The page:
An applicant for the remaining relative visa must be sponsored by their Australian sibling or parent. The applicant has to have no living relatives (parent, sibling or independent child) other than those who live in Australia. When considering who are the 'living relatives' of the applicant, the relatives of the applicant's spouse (if any) are also counted. A spouse or dependent child is not counted.

Aged dependent relative [subclass 114 and 838]

To qualify for this category, the aged dependent relative has to be old enough to apply for the aged pension under the Social Security Act, dependent on the Australian relative sponsor for at least three years and not have a spouse. 'Dependent' is defined to mean wholly or substantially dependent on the Australian relative for financial support for the basic needs of food, shelter and clothing. The Australian relative may be the spouse, child, parent, sibling, grandparent, grandchild, aunt or uncle, niece or nephew of an Australian.

Orphan relative visa [subclass 117 and 837]

This visa may be applied for by a person who is under 18 years of age, who does not have a spouse and both of whose parents are either dead or unable to care for them because of permanent disability or because their whereabouts is unknown. They must be sponsored by an Australian who is their child, sibling, grandparent, grandchild, aunt or uncle, niece or nephew. It must also be determined that it is in the best interest of the applicant to settle in Australia with the sponsor.

Review rights

An Australian sponsor of a family migration applicant can appeal to the Migration Review Tribunal (MRT) if their relative's application is rejected. The review fee is $1400. This may be waived if the review applicant can show financial hardship. If the case is successful, the fee is refunded.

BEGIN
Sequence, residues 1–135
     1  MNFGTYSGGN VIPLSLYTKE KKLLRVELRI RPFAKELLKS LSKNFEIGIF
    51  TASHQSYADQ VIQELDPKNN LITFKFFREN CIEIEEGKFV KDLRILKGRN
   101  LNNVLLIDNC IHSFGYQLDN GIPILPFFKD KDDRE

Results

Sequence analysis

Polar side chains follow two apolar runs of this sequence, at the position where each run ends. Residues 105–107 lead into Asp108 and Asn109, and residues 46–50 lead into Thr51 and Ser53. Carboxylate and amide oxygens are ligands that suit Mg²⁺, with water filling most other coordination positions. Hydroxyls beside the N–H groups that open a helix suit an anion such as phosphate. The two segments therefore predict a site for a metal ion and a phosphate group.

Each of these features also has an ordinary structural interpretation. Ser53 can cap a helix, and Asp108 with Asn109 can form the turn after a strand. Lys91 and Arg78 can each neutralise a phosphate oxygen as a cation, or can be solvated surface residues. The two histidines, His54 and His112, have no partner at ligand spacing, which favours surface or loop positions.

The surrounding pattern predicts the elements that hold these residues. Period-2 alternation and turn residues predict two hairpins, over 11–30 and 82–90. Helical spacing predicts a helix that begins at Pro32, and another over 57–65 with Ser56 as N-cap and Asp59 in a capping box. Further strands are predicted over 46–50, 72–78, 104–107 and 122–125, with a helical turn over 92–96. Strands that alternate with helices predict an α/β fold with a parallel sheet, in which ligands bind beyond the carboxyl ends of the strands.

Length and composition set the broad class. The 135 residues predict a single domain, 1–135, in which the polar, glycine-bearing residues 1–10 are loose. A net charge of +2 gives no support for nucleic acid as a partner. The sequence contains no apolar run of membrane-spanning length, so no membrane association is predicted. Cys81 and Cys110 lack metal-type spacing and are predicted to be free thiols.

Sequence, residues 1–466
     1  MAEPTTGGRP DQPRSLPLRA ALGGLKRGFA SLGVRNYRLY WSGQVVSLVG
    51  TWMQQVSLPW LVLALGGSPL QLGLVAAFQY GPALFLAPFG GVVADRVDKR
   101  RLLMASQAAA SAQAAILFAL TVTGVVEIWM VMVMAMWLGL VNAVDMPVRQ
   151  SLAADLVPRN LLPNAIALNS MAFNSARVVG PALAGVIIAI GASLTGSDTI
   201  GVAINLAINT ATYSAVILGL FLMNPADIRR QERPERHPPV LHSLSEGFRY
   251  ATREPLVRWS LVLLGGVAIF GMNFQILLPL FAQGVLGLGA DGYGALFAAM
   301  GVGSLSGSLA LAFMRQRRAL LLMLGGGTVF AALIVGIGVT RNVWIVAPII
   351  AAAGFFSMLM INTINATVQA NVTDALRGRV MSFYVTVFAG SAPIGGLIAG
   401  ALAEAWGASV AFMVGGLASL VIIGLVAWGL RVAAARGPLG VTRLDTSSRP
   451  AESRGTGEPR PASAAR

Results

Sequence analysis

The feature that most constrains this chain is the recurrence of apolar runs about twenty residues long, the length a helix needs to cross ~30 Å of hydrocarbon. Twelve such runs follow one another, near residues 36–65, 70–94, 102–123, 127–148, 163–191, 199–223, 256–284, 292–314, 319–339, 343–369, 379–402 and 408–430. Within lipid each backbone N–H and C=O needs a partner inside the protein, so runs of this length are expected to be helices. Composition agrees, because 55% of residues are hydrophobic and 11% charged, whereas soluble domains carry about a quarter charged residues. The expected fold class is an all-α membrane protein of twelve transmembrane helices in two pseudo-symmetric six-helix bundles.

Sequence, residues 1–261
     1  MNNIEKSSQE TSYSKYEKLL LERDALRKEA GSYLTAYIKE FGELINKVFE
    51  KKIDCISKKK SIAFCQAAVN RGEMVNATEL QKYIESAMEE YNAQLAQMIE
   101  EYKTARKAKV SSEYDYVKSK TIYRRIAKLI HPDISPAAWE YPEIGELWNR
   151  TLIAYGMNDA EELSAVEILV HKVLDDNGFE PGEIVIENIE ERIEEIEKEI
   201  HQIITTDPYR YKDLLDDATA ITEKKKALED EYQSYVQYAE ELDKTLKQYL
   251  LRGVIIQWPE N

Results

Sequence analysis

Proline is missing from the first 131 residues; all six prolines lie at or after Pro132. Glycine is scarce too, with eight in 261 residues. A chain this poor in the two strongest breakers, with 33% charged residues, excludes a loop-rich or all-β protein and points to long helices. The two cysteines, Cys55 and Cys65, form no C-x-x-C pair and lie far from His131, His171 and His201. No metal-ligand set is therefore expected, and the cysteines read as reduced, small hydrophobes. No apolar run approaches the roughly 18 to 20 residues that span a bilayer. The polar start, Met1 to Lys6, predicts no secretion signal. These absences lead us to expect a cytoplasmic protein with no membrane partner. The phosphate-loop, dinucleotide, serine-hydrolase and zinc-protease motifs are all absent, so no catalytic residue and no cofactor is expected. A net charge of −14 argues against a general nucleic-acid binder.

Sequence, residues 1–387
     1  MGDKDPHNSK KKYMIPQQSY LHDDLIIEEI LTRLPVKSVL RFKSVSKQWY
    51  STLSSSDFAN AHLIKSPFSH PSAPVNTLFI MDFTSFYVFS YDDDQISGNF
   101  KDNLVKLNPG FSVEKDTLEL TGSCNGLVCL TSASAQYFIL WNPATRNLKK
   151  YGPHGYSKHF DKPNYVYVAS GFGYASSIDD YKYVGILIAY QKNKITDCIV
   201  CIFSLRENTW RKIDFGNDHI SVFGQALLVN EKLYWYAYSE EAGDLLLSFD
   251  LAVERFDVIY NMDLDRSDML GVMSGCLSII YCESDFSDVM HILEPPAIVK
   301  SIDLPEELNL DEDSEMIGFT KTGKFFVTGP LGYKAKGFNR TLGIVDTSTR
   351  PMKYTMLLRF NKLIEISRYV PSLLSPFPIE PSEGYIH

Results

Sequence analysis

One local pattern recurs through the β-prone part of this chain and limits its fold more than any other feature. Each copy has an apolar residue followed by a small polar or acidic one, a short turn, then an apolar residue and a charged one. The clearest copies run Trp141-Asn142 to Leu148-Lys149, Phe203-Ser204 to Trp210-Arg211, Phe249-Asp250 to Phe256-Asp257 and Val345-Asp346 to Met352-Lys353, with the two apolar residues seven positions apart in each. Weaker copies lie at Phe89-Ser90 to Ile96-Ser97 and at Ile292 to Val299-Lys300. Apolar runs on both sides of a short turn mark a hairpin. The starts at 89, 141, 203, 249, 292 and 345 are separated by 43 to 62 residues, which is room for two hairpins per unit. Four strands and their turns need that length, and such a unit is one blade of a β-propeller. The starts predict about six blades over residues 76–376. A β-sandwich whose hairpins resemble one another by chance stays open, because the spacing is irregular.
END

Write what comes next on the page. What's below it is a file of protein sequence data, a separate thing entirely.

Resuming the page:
Skilled migration

As with family migration, in many cases skilled migrants can include members of their family unit on the application for permanent residence.

DIAC has a number of booklets about skilled visas which cover the areas of employer sponsored migration, general skilled migration, business skills entry and special migration.

DIAC also has a number of relevant information forms in this area available from the website, including Form 966i 'Migrating to Australia - English language assessment'.

In addition to a number of temporary visas of up to three months duration for overseas business people to come to Australia on business [subclasses 456, 459, 956 and 977], there are the provisional and permanent 'Business Development' visas. These are for successful business owners [subclasses 160 and 163], senior executives [subclasses 161 and 164] and major investors [subclasses 162, 165 and 405] to establish a business in Australia, manage a new or existing business in Australia under the auspice of a major overseas business or invest in a business in Australia. The applicant may be independent or sponsored by the relevant State or Territory. After two years, in each case other than the investor visa, the provisional visa holder may apply for permanent residence [subclasses 845, 846, 890, 892 and 132]. Permanent visas for investors are available in certain circumstances [subclasses 891 and 893].